Madoui was an Algerian international midfielder who spent two spells with ES Setif and now, as manager, has already broken one record. He became the youngest coach to take a team to the final of an African continental tournament last season and, at 41 years old, there should be plenty more to come. Thought to have received lucrative offers from abroad, he instead signed a new, three-year contract with the club last month.

    Algerian champions ES Setif might be playing down their chances, but if they can show the same excellent play that won them the 2014 African Champions League, they have a strong title chance.

    Star player: El Hadi Belameiri

    Another scorer of crucial goals at continental level, Belameiri found the net six times during the Champions League success, though goals dried up in the knockout stages. He did, however, finish as the joint top scorer in the tournament, and the diminutive French-born forward, formerly of Metz, has been making sufficient waves to be linked with a call-up to Christian Gourcuff's much-favoured Algerian national side.

    Hopes and prediction

    Runners-up. Madoui has played down his team's chances by citing particular concerns about fatigue amid a hectic domestic schedule, but his team's stock has risen considerably in recent times, and he can be backed to lead ES, who fought a number of tough and tense matches in last season's Champions League to a final place on their debut. The conditions should help them, as should the fact that Algerian football is currently experiencing a boom.


    How they qualified

    The win that sealed Real's qualification looks resounding enough -- a 4-1 win over deadly rivals Atletico in Lisbon -- but it would have been the other Madrid team preparing for Morocco, had Sergio Ramos not headed home deep into added time. Real ploughed on after that and overran their opponents to take their much-vaunted 10th European crown, with Gareth Bale nodding in the vital second before Marcelo and a Cristiano Ronaldo penalty added the gloss.

    If they had left it late, they could reflect they had already thrashed the reigning champions, Bayern Munich, 5-0 on aggregate in the semifinals just one round after overcoming 2014 runners-up Borussia Dortmund.

    Coach: Carlo Ancelotti

    Carlo Ancelotti might have been harshly sacked by both Juventus and Chelsea in the past but cannot really be said to have failed anywhere. One of his triumphs came in this competition seven years ago, when his AC Milan side beat Boca Juniors 4-2 in the final, held in Yokohama, and a repeat of the trick would add nicely to the three Champions Leagues he has also presided over (two with Milan, one with Real).

    Cristiano Ronaldo heads up Real Madrid's galacticos. Can he help Los Blancos add the Club World Cup to their collection of silverware?

    Star player: Cristiano Ronaldo

    There is little point in changing the record. The crowds in Rabat and Marrakech will be baying for Cristiano Ronaldo, and it is easy to see why, as the chances he will not put on a show appear slim. He has only failed to score in three of his 23 games for club and country this season and has atoned for any perceived deficiencies this might turn up by scoring 31 times.

    Hopes and prediction

    Winners. It is difficult to see Real not taking the trophy, with six of the past seven been won by European sides. They will be expecting nothing less and, even though James Rodriguez looks likely to miss out through injury, should have the resources to win both games without too much fuss.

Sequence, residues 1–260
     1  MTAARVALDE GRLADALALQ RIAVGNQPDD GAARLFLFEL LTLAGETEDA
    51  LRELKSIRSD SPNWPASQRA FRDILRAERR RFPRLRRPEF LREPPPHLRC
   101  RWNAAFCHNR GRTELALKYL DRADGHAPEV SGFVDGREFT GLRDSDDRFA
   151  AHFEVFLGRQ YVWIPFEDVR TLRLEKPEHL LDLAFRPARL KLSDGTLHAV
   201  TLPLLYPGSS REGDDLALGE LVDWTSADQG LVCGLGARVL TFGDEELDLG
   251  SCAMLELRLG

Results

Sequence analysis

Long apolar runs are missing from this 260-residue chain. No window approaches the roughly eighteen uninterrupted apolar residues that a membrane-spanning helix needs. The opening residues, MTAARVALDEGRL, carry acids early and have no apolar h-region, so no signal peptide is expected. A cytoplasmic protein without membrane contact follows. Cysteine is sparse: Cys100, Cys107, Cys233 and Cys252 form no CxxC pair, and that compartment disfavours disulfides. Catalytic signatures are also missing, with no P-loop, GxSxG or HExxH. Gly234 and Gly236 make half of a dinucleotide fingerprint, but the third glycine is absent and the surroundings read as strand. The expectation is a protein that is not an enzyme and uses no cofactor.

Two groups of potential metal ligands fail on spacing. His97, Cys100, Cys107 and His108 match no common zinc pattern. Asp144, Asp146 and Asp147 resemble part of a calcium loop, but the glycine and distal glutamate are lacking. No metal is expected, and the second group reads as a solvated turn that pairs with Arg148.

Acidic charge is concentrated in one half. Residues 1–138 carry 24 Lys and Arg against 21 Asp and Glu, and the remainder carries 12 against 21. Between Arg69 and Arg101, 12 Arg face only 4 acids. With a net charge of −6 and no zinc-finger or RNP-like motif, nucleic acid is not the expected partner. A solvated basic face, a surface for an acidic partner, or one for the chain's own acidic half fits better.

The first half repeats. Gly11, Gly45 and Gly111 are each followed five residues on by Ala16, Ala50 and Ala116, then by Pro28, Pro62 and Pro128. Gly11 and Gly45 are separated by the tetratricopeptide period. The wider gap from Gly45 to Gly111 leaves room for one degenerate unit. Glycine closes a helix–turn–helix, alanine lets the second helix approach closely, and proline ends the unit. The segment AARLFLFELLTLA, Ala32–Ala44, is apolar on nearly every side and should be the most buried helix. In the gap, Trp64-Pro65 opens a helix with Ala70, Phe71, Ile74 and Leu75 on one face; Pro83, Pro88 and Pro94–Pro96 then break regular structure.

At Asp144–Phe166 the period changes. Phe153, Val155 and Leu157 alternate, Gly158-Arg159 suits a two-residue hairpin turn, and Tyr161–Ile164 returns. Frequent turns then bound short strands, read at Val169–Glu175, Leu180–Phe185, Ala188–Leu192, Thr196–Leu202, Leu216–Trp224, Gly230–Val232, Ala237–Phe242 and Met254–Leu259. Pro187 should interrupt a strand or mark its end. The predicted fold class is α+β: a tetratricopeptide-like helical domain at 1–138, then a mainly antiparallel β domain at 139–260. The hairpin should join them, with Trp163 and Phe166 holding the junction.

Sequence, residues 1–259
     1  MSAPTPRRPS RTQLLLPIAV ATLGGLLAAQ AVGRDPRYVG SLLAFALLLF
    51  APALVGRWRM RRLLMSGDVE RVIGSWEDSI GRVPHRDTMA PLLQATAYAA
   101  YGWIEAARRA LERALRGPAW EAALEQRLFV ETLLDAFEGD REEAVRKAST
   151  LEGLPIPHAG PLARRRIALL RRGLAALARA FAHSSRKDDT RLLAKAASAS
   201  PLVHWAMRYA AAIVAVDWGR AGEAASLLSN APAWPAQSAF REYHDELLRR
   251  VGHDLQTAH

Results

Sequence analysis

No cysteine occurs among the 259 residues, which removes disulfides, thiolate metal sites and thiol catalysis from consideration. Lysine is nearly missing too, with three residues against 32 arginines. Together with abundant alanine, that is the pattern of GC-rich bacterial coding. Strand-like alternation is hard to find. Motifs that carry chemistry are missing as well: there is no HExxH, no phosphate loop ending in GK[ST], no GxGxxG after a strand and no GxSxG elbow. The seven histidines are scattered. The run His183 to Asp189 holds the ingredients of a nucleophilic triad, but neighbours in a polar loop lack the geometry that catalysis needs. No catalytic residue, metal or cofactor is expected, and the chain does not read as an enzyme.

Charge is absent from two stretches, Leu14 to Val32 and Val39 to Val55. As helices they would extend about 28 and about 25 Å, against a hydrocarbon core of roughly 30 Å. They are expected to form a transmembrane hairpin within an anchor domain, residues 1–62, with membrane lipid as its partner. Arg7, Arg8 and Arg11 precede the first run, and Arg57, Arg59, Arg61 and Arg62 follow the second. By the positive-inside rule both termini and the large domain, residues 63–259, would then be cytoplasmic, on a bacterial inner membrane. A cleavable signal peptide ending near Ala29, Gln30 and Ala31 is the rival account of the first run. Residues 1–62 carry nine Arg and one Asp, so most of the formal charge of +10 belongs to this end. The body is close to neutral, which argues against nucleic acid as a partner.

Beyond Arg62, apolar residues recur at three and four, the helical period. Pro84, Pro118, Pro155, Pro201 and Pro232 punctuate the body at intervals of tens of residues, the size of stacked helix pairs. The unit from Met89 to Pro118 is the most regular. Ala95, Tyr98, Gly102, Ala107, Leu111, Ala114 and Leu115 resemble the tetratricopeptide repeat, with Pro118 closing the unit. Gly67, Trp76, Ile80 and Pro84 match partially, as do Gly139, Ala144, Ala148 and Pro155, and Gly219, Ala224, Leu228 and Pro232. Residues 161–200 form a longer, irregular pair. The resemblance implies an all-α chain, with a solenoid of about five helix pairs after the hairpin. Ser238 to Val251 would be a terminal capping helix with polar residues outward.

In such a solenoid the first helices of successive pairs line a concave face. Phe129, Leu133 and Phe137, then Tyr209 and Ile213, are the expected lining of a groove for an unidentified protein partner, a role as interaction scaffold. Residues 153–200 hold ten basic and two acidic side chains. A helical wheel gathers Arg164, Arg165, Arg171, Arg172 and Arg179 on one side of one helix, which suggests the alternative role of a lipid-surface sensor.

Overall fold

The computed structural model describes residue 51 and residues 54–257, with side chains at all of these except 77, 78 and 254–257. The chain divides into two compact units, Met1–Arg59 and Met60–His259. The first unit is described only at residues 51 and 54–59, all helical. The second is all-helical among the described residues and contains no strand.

The caveat is sides from outside Europe perhaps have a touch more motivation to make an impact in this competition, and Real are certainly the side to target, but with anything approaching their usual level of focus, they should lift the trophy for the first time.



  • Moroccan champions Moghreb Tetouan: Atletico's little brothers

    (ESPNFC) A year ago, Raja Casablanca made history and became the first FIFA Club World Cup hosts to reach the final, beating Auckland City, Monterrey and Ronaldinho's Atletico Mineiro on their way to an eventual defeat against Bayern Munich. If current Morocco champions Moghreb Tetouan follow suit and prevail against the very same Auckland City, African Champions League holders Setif of Algeria and Copa Libertadores winners San Lorenzo, they will most likely face Real Madrid in an extremely special final.

    It would be quite an achievement, but it would be even more special because Tetouan are very closely associated with Spanish side Atletico Madrid. Indeed, the club was established in 1922 by Atletico fans who lived in Morocco. In the early days it was known as Athletic Club Tetuan -- based on the Spanish spelling of the city -- and later, according to General Franco's demands, as Atletico Tetuan. That is why the team has always played in red and white stripes and blue shorts, just like the big brothers from Madrid they were supposed to emulate.

    Under Spanish protectorate, Tetuan were a part of the Spanish leagues for 33 years until independence was achieved in 1956. The highlight of that era was their surprising promotion to the Primera Division in 1951, and the club remain, to this very day, the only African team ever to play in a top division in Europe.

    That was a season to remember. Tetuan's away form was dreadful -- they lost 14 out of 15 games on their travels -- but on home soil in Morocco they were a force to be reckoned with. Atletico were thrashed 4-1 in a rather weird "derby," and six more wins were achieved, while the mighty Real Madrid could only draw 3-3 on their visit to North Africa. Sadly that wasn't enough as Tetuan finished bottom of the table and were relegated, but such heritage has never been forgotten.